The person being abused has to either choose to change his beliefs about authority (all authority figures are bad), rationalize or ignore the abuse, or change his beliefs about himself (I am bad and worthy of being abused).

9. Sour Grapes 

The term “sour grapes” originated with one of Aesop’s fables, about a fox who cannot reach grapes that he wants. He experiences cognitive dissonance and to ease his frustration; he decides the grapes must be sour and therefore undesirable.

This justification for the action he can’t take is a great example of how we change our thoughts to reconcile with the world around us!

10. The Environment

Farm

Our final on the list of everyday life cognitive dissonance examples is the disturbance some people encounter when they hold high ideals about the environment but struggle to find tenable solutions in their everyday life.

Here are three common predicaments:

  • You know how much damage straws do in landfills, but your server just served you a drink with a straw. Now, you feel uncomfortable using the straw, even though the damage has already been done.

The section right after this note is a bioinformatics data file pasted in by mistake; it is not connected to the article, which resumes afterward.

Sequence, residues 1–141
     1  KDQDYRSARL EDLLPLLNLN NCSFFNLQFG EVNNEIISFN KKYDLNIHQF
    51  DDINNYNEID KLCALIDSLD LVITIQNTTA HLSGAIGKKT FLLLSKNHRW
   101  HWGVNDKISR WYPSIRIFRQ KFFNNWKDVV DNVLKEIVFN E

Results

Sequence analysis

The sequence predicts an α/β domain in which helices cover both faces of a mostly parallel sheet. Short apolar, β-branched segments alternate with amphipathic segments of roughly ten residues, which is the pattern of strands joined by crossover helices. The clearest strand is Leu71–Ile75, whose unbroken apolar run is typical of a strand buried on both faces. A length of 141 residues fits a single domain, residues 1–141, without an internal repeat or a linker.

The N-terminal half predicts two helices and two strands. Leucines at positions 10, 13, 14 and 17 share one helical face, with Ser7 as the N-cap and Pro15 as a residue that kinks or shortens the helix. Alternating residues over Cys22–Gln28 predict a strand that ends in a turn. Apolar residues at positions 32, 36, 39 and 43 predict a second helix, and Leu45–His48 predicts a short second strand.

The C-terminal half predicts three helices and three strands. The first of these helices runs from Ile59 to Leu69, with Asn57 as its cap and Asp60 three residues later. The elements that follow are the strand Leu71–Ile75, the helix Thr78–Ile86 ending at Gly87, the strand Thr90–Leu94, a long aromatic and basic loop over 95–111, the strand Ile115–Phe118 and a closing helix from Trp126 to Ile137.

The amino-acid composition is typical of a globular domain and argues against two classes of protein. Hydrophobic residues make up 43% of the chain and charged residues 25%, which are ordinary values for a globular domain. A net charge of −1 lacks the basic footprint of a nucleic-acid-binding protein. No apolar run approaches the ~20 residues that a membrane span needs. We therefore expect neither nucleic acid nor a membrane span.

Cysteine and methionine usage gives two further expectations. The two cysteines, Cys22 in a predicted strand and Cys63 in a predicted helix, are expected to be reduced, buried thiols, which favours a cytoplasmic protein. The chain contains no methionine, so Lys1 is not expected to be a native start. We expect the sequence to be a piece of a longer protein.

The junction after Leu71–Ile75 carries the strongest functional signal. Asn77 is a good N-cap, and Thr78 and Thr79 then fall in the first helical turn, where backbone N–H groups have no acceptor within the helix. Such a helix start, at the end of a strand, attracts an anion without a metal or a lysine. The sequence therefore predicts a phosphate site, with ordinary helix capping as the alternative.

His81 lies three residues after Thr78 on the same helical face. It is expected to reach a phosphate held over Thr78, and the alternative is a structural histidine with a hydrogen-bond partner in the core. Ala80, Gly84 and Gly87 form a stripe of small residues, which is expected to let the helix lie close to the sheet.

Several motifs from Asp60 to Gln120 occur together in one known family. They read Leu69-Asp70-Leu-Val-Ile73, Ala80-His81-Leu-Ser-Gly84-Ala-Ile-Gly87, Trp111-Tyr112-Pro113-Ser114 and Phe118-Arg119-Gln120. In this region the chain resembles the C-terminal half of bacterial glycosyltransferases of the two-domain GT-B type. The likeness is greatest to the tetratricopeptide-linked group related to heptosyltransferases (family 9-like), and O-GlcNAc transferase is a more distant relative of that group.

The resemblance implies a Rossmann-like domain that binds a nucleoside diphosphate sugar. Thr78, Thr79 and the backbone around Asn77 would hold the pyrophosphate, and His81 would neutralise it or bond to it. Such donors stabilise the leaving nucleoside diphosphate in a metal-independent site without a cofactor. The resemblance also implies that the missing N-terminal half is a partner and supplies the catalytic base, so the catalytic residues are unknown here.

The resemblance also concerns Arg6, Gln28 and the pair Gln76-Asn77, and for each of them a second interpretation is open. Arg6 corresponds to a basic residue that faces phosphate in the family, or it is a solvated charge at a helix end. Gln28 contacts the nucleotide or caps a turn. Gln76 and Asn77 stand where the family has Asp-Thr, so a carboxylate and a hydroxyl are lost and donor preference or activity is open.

• You know how much damage vehicle emissions do to the environment, but the only job you can find will require a forty-minute commute.
  • You believe in fresh, local food, but you’re starving, but the only food options available are highly processed and highly packaged.

Better Understanding

As we’re sure you’ve noticed by now, cognitive dissonance isn’t just a term for psychologists; it’s a phenomenon we encounter constantly. Understanding it can help us recognize it at work in our own lives, helping us grow into better, wiser people. Good luck!

About the author

Sara Miller